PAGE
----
Regrading Procedure:     If, after reviewing your solution, you still believe a portion of your homework was graded in error, you may request a regrade. Please write, on a PostIt, the problem number and a brief description of the incorrect deduction, stick it on your homework, and give it to Prof. Byers for a regrade. Note that when we regrade a problem, your score may go up or down.

Attendance: It is expected that you will attend lecture and the laboratory section for this course. Attendance will be taken in labs. Some material covered in lecture and lab will not be covered by our textbooks. I also ask that you arrive in class on time, since it is disruptive to have students flowing in throughout the class period. Moreover, when students are at a borderline between grades, I will factor in attendance before making a final determination.


We will no doubt drift from any formal plan, but a rough schedule of where we are headed is provided in the roadmap below. Each of the topics will take roughly one week, except as noted. A more detailed and continually updated schedule will be maintained on the main course homepage.

  1. Course overview. Stable matching, implementation, running times.
  2. Graphs and basic graph algorithms (2 weeks)
  3. Greedy algorithms for optimization problems (2 weeks)
  4. Divide-and-conquer; fast multiplication of integers, matrices, and polynomials (2 weeks)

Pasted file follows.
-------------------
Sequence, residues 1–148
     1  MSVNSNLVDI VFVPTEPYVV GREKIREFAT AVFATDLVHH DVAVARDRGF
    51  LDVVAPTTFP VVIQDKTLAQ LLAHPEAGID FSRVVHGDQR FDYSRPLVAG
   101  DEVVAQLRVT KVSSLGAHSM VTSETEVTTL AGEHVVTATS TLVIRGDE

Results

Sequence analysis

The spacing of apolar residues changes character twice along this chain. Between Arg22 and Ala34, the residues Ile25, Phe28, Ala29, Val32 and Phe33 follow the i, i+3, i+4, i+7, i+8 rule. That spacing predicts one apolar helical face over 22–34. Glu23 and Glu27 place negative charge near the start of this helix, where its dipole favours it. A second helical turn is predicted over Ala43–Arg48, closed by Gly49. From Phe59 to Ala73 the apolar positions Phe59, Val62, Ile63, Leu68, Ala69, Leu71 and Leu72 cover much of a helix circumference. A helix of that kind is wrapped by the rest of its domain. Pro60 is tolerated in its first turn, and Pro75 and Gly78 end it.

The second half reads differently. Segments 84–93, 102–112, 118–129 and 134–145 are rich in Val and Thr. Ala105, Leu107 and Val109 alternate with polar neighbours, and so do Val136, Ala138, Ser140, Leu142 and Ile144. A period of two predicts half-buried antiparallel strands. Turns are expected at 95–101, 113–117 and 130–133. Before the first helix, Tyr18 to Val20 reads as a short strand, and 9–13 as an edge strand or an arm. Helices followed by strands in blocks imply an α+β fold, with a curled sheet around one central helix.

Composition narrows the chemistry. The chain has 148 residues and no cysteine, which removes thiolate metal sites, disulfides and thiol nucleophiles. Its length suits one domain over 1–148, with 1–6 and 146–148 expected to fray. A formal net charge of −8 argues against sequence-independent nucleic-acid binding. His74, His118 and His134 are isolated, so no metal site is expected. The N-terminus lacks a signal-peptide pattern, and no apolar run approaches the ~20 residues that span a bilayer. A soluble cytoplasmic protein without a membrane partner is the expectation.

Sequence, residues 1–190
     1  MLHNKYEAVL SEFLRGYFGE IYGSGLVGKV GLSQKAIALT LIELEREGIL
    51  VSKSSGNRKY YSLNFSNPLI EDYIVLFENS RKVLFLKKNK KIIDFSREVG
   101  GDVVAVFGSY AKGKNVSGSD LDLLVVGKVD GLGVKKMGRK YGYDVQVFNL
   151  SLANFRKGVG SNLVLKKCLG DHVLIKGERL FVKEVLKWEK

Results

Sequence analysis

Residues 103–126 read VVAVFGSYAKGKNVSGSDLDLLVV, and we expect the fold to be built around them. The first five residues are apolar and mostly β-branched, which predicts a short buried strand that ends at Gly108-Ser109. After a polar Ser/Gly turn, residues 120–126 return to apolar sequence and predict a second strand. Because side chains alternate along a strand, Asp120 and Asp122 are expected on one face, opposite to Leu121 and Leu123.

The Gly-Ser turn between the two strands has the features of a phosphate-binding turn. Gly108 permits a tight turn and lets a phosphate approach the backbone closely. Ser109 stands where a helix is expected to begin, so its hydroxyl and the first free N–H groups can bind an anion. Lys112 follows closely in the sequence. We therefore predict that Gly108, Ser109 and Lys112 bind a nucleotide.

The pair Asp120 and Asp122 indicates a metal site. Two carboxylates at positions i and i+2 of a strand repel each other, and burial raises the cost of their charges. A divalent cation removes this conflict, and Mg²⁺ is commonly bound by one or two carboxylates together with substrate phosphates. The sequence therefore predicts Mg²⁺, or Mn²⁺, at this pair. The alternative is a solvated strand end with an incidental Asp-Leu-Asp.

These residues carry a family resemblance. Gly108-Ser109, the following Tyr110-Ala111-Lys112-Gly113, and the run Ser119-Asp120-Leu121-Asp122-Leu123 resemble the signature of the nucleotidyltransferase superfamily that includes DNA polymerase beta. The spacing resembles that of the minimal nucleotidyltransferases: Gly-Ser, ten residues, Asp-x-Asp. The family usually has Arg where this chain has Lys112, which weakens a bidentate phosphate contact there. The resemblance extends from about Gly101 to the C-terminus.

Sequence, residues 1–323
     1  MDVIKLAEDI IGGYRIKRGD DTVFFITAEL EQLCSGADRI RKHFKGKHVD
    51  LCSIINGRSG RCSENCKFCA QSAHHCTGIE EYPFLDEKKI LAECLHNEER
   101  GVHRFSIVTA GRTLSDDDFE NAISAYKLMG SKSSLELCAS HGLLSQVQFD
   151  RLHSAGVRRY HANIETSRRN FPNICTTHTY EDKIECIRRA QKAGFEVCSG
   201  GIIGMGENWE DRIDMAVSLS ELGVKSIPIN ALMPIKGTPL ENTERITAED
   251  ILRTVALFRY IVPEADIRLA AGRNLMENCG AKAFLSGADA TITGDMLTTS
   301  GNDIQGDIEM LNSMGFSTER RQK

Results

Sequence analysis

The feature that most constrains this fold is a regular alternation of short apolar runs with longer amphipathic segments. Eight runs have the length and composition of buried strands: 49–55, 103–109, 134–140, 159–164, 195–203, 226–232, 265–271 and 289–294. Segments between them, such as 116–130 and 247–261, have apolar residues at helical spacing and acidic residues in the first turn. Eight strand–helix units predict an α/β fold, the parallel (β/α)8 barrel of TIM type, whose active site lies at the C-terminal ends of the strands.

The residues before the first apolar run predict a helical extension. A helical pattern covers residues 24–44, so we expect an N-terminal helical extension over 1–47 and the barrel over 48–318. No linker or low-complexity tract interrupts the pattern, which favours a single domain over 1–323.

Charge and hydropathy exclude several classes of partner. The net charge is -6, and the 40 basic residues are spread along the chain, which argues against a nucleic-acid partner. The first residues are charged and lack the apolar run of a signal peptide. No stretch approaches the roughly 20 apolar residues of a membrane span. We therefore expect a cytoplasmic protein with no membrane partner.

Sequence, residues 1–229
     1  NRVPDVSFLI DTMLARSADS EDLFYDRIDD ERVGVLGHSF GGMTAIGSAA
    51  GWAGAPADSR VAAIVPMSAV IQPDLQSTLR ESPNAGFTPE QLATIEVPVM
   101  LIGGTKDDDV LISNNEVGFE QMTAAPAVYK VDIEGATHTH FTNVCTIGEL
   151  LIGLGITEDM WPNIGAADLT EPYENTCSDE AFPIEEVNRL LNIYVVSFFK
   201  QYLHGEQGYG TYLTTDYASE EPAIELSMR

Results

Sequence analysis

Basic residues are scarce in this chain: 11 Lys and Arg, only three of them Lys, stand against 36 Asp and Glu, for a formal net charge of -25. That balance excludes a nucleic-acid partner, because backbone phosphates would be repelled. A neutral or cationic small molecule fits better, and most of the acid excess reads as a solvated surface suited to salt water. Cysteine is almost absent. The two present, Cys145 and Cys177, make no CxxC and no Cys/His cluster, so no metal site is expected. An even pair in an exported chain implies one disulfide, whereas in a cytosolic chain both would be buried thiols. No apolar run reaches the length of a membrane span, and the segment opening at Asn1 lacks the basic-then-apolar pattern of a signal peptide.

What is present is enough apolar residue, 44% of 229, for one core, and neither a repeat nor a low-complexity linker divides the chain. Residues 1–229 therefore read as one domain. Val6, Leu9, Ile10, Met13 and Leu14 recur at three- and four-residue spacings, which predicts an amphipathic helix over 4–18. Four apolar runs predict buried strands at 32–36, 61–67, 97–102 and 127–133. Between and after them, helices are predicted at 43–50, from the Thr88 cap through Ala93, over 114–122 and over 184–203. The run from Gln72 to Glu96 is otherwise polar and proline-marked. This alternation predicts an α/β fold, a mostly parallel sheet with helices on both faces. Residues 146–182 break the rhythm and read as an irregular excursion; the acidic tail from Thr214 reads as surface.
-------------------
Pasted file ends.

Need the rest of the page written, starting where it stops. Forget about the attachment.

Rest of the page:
5. Dynamic programming for optimization problems (2 weeks)
  6. Max-flow/min-cut
  7. Optimization problems for which no polynomial time algorithms are known; introduction to NP (2 weeks)
  8. Lower bounds and approximation algorithms
  9. Local search and heuristic approaches
  10. Randomized algorithms, including median-finding and order statistics

Academic Conduct

Academic standards and the code of academic conduct are taken very seriously by our university, by the College of Arts and Sciences, and by the Department of Computer Science. Course participants must adhere to the CAS Academic Conduct Code -- please take the time to review this document if you are unfamiliar with its contents.

Collaboration Policy

The collaboration policy for this class is as follows. The last point is particularly important: if you don't make an honest effort on the homework but always get ideas from others, your exam scores (accounting for the majority of your grade) will reflect it.